Tuesday, February 14, 2023



I’m a big fan of Ferris wheels. That is, as long as my feet are solid on the ground.

Once upon a time, I happily rode the giant wheel at our local county fair. 

Round and round we’d go, swinging our seat and giggling with glee.

The best part? Stopping at the top, especially at night, and enjoying the bright lights of the midway.

I can’t pinpoint the moment in my grown-up years when a Ferris wheel instilled fear in my heart instead of fun in my soul.

However, I’m happy to celebrate National Ferris Wheel Day to commemorate all those exciting childhood round-and-round rides.

The Original Ferris Wheel

On this Valentine’s Day in 1859, dairy farmers George and Martha Ferris of Galesburg, Illinois welcomed their second son into the world. They named their infant George Washington Gale Ferris, Jr.

Trivia ~ The town of Galesburg was named for George Washington Gale. The George Ferris father-son duo were named after this man.

Fast-forward to 1893. 

George Washington Gale, Jr.

Chicago is slated to host the World’s Columbian Exposition, a celebration of the 400th anniversary of Columbus’s famous westward voyage. The planners challenged American engineers to create a monument that would rival the Eiffel Tower. 

That structural marvel had been erected in Paris the year before.

Thirty-four-year-old George, Jr., a civil engineer, accepted this difficult challenge. He sketched designs on a napkins, gathered investors, and built the first Ferris wheel.

The original wheel, with a diameter of 250 feet, stood between two 140-foot towers. This means the wheel was as tall as a 26-story building.


Original Ferris Wheel Stats

  • Unlike modern wheels with their three-seat chairs, the original wheel consisted of thirty-six cars.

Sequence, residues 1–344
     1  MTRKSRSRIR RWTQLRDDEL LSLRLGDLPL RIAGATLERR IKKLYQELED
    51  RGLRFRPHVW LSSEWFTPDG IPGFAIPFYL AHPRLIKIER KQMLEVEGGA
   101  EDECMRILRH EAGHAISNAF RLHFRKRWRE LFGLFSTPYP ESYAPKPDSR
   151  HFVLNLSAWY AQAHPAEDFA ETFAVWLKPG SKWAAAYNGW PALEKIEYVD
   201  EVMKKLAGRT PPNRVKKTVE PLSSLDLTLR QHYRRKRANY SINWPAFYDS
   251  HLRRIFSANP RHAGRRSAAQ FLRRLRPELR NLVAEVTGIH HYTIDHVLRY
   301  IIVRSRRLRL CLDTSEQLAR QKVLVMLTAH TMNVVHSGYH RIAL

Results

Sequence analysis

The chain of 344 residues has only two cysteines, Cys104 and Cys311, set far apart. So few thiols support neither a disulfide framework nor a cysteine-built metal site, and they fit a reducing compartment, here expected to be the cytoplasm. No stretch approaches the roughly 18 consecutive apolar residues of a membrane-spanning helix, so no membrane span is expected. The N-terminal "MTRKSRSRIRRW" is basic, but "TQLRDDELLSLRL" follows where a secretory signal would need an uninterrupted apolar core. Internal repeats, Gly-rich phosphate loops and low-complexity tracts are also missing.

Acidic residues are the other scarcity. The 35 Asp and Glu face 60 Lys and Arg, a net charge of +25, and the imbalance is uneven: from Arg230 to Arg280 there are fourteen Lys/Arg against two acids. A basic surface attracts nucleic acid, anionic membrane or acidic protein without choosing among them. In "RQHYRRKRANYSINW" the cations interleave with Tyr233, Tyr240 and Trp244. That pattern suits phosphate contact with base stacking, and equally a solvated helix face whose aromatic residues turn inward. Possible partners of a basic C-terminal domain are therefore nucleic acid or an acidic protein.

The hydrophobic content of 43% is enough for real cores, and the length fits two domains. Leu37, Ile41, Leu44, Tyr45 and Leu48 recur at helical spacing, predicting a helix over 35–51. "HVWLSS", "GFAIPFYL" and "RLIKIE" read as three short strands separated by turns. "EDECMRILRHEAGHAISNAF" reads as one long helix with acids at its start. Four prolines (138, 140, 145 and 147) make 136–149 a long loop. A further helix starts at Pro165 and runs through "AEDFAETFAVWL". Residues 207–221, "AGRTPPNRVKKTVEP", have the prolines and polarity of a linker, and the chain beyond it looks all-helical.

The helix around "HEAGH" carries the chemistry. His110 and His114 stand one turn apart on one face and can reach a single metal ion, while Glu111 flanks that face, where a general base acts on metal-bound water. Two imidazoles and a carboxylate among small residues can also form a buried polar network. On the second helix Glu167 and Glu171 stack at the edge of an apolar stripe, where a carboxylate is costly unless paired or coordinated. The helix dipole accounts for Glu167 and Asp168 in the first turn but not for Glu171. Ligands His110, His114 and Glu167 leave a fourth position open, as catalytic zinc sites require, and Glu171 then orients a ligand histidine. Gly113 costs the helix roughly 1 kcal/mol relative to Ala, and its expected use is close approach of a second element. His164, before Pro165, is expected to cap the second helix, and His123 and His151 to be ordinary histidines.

• Each car was fitted with forty revolving chairs and accommodated sixty passengers. 
  • The original wheel took twenty minutes to make two revolutions. 
  • Tickets for the original wheel cost fifty cents. 

Sadly, the Expo’s Ferris wheel was turned into scrap metal in 1906. And yet, over a hundred years later, a Ferris wheel can be found at almost any carnival or fair.

Somers' Roundabout

A Caveat


Though we know this popular carnival ride as a Ferris wheel, it wasn’t the first. William Somers received a U.S. patent for his Roundabout, a fifty-foot wooden structure that he installed at Asbury Park and Atlantic City, NJ, and Coney Island, NY in 1892.

Smaller "pleasure wheels"--much smaller--date back to at least 17th century Bulgaria. The following image is of a French carnival ride.

Magic City, Paris 1913

Celebrate National Ferris Wheel Day

As you’re celebrating Valentine’s Day, consider celebrating National Ferris Wheel Day by singing “Happy Birthday” to George Ferris, Jr.


Johnnie writes award-winning stories in multiple genres. A fan of classic movies, stacks of books, and road trips, she shares a life of quiet adventure with Griff, her happy-go-lucky collie, and Rugby, her raccoon-treeing papillon. Visit her at johnnie-alexander.com.

Photo Credits ~ Public domain 


  1. I'm not a fan of ferris wheels either, and can remember exactly when that happened. I was about twelve, and my grandfather and I were at the Timonium State Fair in Maryland. The ferris wheel we rode had cars that rotated as the wheel turned. It was very scary and unexpected! My grandfather almost lost his eyeglasses and changed fell out of his pocket and clanged around inside the car. I love the history of the wheel, thanks for sharing.

    1. Oh, Linda! I would have been terrified. Thanks for sharing your experience!

  2. Thanks for posting today. I do like Ferris wheels. It would have been interesting to see the original with the cars being able to hold so many people. I would hope that it was rigidly attached instead of swinging or rocking, because you KNOW there would be adventurous riders who would start rocking the car. That would make it a hard "NO" for me so I'd have to know my fellow passengers!

  3. I think it was the rocking that first frightened me though now I have a thing about heights, too. Thanks for commenting!